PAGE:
SMOKE DETECTOR INDICATOR
The present invention relates to smoke detectors, and more particlllarly to a device that turns off a smoke detector, but gives a visual indication that the detector has been turned off.
The majority of households are today fitted with smake detectors of one type or another. Perhaps the most common smoke detector is a simple battery operated unit which is generall~ mounted on the ceiling in a passage, halIway, staircase or the like, in a location where there is at least a partial air flow so that if a fire does occur smoke will be manitored by the smoke detector, and a signal given. Most smoke detectors have a horn or a buzzer which sounds when the smoke is detected. The detector system may include ioniza-tion type detectors to detect smoke or gas, as well as heat detectors which sound the alarm when a preset temperatur~
is reached. The battery ensures that the detector operates even in the event of a power failure.
These types of smoke detectors are sold in hard-ware stores, department stores and the like/ and some house-holds have two or ~hree units at different locations in thehouse, apartment or living areas. Hotels, offices and public buildings usually have multiple units with monitoring heads in different rooms, however, the present invention relates more to a sing~e smoke detector battery operated unit, rather than a multiple unit.
One problem that exists with the single unit smoke detector and is apparent in households, is the difficulty in resetting the smoke detector alarm after it has gone off due to a false signal. False signals occur from time to time primarily when cooking occurs, for instance, burnt toast can produce sufficient smoke to set off a smoke detector, deep frying cooking can also set off an alarm as well as other types of cooking that occurs regularly in a household.
Once the alarm on the smoke detector commences, it can con-tinue for up to a half hour before the mechanism of the detecting device resets itself. Thus the household has to put up with this alarm for as long as a half hour, and this is generally considered intolerable. In most cases house-holders disconnect the smoke cLetector, and this has to be done by climbing up and disconnecting the battery from the smoke detector in the ceiling. Whereas there is an incentive to climb up and disconnect the battery, because of the noise from the detector itself, once the battery has been dis-connected it is often foryotten and not reconnected. There-fore, the smoke detector is inoperatiYe and stays in that condition until someone remembers to reconnect the battery.
Thus, the whole purpose of a smoke detector is destroyed because it has been disconnected for a false alarm and then not reconnected.
The purpose of the present invention is to provide an indicator wherein a smoke detector is disconnected temporarily, and when it i~ in the off position a visual indicator clearly shows that it is disconnected. When the particular smoke condition that triggered the alarm is dis-persed, the indicator can be clearly seen, and the smoke detector reconnected.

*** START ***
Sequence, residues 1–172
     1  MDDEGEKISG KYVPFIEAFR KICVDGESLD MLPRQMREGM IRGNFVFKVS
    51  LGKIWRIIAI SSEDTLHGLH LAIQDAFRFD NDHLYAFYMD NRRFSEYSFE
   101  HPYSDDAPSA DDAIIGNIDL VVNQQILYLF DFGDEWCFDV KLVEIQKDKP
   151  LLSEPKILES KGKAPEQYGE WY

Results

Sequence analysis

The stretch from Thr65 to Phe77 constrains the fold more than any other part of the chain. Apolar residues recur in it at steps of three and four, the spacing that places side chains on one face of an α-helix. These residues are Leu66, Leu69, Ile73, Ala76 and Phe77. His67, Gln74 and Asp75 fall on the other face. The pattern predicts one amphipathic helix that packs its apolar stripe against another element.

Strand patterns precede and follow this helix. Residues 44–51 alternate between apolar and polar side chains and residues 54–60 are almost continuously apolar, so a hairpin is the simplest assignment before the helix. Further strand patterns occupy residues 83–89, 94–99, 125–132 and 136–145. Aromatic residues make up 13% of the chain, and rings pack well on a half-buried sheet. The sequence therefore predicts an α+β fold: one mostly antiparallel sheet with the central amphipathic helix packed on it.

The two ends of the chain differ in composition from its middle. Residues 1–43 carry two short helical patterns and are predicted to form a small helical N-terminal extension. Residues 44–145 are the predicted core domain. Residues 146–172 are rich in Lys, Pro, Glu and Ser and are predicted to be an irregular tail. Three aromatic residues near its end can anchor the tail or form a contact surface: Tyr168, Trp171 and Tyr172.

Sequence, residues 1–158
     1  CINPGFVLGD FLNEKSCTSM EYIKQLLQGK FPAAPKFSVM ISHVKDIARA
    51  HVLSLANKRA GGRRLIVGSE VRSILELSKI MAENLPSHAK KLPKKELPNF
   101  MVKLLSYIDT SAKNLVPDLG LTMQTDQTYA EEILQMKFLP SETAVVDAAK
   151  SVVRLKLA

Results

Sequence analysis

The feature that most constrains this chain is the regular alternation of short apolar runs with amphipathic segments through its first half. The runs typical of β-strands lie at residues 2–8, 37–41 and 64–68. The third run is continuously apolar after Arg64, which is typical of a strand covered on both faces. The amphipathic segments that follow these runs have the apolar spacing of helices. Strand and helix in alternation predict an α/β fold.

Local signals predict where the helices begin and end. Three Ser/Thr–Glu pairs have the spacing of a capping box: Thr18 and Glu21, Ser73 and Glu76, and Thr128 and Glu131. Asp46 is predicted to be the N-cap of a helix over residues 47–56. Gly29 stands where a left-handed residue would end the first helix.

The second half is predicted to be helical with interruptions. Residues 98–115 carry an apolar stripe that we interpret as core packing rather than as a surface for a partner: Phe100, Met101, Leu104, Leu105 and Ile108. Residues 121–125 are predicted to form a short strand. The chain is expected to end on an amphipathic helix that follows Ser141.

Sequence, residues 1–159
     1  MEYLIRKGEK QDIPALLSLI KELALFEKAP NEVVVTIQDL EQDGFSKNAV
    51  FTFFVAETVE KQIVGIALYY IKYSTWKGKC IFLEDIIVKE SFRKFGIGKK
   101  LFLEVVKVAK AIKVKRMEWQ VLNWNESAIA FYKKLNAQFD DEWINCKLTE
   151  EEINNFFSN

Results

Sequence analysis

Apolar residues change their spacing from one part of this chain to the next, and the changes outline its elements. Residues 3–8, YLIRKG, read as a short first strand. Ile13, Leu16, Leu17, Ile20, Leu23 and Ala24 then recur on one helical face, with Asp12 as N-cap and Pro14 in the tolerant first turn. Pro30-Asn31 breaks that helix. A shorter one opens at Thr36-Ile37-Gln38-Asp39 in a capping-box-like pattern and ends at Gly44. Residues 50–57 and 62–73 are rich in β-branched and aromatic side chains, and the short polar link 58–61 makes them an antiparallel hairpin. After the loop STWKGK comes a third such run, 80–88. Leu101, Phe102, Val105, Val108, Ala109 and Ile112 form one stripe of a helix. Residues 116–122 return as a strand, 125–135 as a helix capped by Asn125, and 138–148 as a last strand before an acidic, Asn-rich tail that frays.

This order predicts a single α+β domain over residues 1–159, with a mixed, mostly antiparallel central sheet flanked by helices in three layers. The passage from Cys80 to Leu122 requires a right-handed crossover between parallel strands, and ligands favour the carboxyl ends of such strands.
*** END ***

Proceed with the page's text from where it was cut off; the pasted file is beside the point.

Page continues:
The present invention provides in a fire alarm system including a circuit connecting a smoke detector, a battery and an audio alarm, all in a single enclosure, khe improvement comprising a switch in the circuit to open the circuit and prevent the alarm from sounding, and a visual indicator means associated with the switch,-the indicator means being visually appaxent when the circuit is open and not being visually apparent when the circuit is closed~
In a preferred embodiment of the present invention the visual indicator means includes a visible probe, the enclosure has an aperture therein with the switch directly above the aperture. The probe fits into the aperture and activates the switch to open the circuit, the enclosure having 3 ~
retaining means to hold the probe in the aperture, thus leav-ing the circuit open a~d mean~ to remove the probe from the aperture to deactivate the switch, thus closing the circuit.
The enclosure is preferably ceiling mounted and the aperture is a key slot and the probe is retained in the slot by being rotated.
In other embodiments the visual indicator means includes a light associated with the circuit, the light being on when the circuit is open, and off when the circuit is closed. The light and the switch may be remote from the .enclosure. In one embodiment ! the light and switch are included.in the enclosure, and the switch has an operating lever that may be activated by a hand held rod or the like.
In another embodiment the switch is a two pole switch and the light is powered by.the building power supply. In yet a further embodiment a battery charging device may be included to charge the battery of the system, and in a still further embodiment a timer may be included in the circuit so that when the switch is activated to open the circuit, the timer runs for a preset time and then automatically closes the circuit.
In drawings which illustrate the embodiments of the invention, Fig. l is a schematic side view of a smoke detector with a visual indicator probe to deactivate a switch in the ~5 smoke detector circuitO
Fig. 2 is a par-tial schematic side view of the detector shown in Fig. 1 showing the probe inserted through a slot in the casing of the detector.
Fig. 3 indicates the key-hole slot in the casing of the detector of Fig~ l.
Fig. 4 is .a schematic diagram of a smoke detector havi.ng a light indicator therein.